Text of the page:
In the first phase of this project, the researchers are examining mathematics and science education materials currently in use, and developing questions teachers can use to identify student misconceptions that may occur in the process of mastering that material. In the second phase the researchers are working with 48 elementary and middle school teachers to have them use those questions in their instruction, using this as a basis for refining the questions and the way the researchers help the teachers learn how to make use of them. In the third phase, the researchers are randomly assigning 96 teachers either to learn how use the refined questions in their teaching or to continue as before, and subsequently evaluating the effects of this approach on the academic achievement of their students. The researchers are also using classroom observation and teacher journals to study how much teachers make use of these questions and how that use alters the teachers' classroom practices. The goal of the project is to improve students' math and science achievement by developing an effective strategy for improving mathematics and science instruction at the elementary and middle school levels.

Quantum Solutions, Inc.
Principal Investigator: Benny Johnson
Development Project: Integrated Software for Artificial Intelligence Tutoring and Assessment in Science

American students do comparatively poorly in international studies of academic achievement at the high school level in chemistry, which is a core subject in the physical sciences course sequence in American high schools. To date the capacity of computer-assisted instruction in science to strengthen student learning has been considered quite limited. The purposes of this project are to complete the development of a computer-based tutoring and assessment system for a first-year chemistry course and to accumulate evidence of the potential of the system to improve student learning and achievement. The system is being designed for use by individual students on demand at school or at home.

The researchers are first developing the procedures for grading student work in an intelligent tutoring system that they have already created. Actual student work samples will be used to test and validate the system's procedures and to conduct an initial external review of the system with a small group of high school chemistry teachers. The system is being designed to provide helpful detailed comments to students if they make mistakes while trying to solve chemistry problems and to generate reports for teachers and students that analyze student learning as reflected by their performance on a given set of chemistry problems.

When the system is fully developed, it will be field tested with chemistry teachers in several high schools. In this quasi-experimental study, 10 to 12 teachers will implement the tutoring system with the assessment component in one chemistry class. In a second class, each teacher will continue normal instruction, not using any functions of the tutoring system. With a third class, each teacher will use the assessment system, but not the tutorial, and with a fourth class, each teacher will use only the tutoring program. Using a pre-post design, student achievement will be compared across the four groups. Because it is not possible to have a randomly selected group in this test, statistical analyses will be used to determine preexisting similarities and differences between the groups. The end result of this project will be a fully developed intelligent tutor and assessment system for high school chemistry with evidence of the potential of this system to improve high school students' chemistry achievement.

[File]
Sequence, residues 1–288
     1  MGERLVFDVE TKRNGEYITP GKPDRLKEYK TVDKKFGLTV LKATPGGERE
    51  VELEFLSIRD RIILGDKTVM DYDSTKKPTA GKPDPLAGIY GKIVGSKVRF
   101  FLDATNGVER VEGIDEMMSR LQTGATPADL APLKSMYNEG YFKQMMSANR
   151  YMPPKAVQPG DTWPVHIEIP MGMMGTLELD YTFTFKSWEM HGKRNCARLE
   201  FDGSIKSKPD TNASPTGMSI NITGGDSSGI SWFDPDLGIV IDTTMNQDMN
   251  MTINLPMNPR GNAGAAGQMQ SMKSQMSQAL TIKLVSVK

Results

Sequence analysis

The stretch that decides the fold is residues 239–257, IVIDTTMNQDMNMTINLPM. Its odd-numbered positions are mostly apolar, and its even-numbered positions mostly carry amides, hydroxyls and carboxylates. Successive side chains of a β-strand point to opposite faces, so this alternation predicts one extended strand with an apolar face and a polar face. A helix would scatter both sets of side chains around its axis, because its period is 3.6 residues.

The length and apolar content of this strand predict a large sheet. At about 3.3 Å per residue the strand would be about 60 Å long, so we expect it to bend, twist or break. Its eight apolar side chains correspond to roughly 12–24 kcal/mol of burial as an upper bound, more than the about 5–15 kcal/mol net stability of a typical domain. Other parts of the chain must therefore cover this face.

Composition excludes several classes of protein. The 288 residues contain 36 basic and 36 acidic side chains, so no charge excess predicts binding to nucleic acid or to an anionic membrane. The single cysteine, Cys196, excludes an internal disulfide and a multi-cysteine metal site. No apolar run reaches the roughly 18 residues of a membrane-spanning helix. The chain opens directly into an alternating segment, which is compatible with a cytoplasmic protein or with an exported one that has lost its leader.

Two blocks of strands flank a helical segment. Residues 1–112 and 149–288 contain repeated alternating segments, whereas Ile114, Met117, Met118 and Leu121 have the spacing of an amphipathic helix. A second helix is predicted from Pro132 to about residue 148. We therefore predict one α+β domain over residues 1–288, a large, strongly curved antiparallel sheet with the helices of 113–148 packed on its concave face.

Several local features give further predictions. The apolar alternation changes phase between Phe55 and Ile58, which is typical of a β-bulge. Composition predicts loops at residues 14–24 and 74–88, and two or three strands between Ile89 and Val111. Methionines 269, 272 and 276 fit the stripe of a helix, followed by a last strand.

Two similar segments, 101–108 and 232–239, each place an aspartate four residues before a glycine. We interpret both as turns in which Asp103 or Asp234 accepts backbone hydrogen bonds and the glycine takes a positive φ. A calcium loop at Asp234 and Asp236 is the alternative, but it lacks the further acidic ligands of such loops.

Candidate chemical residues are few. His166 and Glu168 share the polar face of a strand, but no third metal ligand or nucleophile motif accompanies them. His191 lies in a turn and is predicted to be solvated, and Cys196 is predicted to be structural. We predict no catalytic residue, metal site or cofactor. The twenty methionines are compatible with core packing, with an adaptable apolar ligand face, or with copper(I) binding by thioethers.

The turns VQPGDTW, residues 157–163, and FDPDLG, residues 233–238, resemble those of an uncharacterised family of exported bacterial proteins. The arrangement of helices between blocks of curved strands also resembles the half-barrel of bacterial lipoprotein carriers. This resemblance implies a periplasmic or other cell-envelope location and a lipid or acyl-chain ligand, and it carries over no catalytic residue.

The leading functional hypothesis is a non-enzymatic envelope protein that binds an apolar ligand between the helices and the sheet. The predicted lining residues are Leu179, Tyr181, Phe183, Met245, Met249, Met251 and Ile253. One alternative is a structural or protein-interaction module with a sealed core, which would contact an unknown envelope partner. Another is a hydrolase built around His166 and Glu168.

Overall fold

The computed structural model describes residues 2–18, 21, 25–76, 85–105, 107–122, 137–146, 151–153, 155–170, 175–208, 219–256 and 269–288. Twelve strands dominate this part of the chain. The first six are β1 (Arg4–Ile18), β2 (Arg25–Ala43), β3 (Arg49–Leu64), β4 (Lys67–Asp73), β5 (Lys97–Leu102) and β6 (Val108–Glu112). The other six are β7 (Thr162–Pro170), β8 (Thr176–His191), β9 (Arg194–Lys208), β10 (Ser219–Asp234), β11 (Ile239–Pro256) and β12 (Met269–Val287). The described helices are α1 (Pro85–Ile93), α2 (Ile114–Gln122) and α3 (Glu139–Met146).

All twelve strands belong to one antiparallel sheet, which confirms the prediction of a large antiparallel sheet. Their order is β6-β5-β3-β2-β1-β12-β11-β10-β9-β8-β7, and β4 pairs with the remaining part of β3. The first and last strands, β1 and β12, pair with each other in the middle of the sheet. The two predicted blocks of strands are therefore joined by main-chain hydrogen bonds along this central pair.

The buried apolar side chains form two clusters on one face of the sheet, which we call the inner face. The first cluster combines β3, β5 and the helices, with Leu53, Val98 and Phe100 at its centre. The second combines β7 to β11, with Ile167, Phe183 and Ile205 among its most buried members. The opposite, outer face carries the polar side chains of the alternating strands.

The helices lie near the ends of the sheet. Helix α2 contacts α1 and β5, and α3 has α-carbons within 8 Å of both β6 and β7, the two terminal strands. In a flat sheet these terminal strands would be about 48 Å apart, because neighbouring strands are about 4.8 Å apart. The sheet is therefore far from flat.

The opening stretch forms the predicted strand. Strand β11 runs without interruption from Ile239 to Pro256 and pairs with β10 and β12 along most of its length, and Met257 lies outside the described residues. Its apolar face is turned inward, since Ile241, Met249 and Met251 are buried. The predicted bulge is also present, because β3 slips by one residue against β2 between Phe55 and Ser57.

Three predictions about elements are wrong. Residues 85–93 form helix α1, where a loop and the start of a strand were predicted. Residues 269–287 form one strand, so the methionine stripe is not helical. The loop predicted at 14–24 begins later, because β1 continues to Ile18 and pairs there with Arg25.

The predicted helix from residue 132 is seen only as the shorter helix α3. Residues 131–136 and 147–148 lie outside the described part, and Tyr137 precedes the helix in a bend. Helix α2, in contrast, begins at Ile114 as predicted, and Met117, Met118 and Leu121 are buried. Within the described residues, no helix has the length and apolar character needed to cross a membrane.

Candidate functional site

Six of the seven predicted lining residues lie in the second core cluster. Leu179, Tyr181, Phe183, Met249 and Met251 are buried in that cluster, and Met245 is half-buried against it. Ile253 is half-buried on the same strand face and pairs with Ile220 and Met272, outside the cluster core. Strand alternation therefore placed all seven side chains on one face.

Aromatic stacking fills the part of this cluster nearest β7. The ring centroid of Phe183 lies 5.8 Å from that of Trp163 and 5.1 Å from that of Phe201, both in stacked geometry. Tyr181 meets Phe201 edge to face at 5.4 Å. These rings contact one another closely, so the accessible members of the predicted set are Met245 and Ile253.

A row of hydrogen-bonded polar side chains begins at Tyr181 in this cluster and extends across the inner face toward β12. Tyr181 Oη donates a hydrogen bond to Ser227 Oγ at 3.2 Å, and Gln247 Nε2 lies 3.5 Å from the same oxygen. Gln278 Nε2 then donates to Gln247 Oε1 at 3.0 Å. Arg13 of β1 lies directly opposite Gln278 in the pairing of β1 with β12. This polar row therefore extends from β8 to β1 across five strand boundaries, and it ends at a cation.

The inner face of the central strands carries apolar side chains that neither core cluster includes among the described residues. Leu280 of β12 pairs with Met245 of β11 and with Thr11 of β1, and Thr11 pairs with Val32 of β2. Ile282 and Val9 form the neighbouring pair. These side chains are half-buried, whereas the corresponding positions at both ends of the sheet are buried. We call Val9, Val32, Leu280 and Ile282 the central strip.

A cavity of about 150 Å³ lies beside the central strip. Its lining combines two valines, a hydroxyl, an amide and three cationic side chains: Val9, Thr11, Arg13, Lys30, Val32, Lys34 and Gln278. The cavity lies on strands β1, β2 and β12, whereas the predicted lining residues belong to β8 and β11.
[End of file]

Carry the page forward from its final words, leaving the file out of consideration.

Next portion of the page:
University of Oregon
Principal Investigator: David Chard
Development Project: Early Learning in Mathematics: A Prevention Approach

Children's mathematics achievement in the early grades in U.S. schools has been low for decades, and the gap between the achievement levels of children from low-income families and minorities and the achievement levels of their more advantaged peers is large. At the same time, expectations for mathematics achievement have risen for students, particularly in the early grades, including kindergarten. Unfortunately, insufficient information is available regarding how best to meet these rising expectations for students as they are just beginning school, especially for students experiencing significant difficulties in mathematics, and there is very little empirical evidence regarding the effects of mathematics reforms on learning. The purpose of the current study is to address the need to identify practices that promote mathematics learning in young children by developing and evaluating the efficacy of a mathematics instructional intervention and progress monitoring system designed to address the instructional needs of a wide range of kindergarten learners.